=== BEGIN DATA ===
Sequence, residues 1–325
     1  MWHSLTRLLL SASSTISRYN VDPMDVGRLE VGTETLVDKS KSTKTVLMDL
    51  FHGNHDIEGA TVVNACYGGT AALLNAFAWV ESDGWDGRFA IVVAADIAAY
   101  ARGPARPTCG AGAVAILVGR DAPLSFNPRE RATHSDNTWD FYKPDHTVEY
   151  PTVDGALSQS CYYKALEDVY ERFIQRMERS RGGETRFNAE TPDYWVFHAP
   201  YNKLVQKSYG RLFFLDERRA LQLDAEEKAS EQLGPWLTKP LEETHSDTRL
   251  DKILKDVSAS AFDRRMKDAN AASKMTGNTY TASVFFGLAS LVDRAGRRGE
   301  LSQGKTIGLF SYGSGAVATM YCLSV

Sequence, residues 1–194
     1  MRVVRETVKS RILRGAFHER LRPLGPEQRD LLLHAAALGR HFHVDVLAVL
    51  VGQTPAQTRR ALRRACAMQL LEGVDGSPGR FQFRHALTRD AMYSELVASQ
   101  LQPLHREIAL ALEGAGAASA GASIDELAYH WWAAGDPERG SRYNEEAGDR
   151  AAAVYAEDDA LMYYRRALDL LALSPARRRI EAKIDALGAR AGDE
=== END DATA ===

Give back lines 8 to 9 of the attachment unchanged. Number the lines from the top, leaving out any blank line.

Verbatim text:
   301  LSQGKTIGLF SYGSGAVATM YCLSV

Sequence, residues 1–194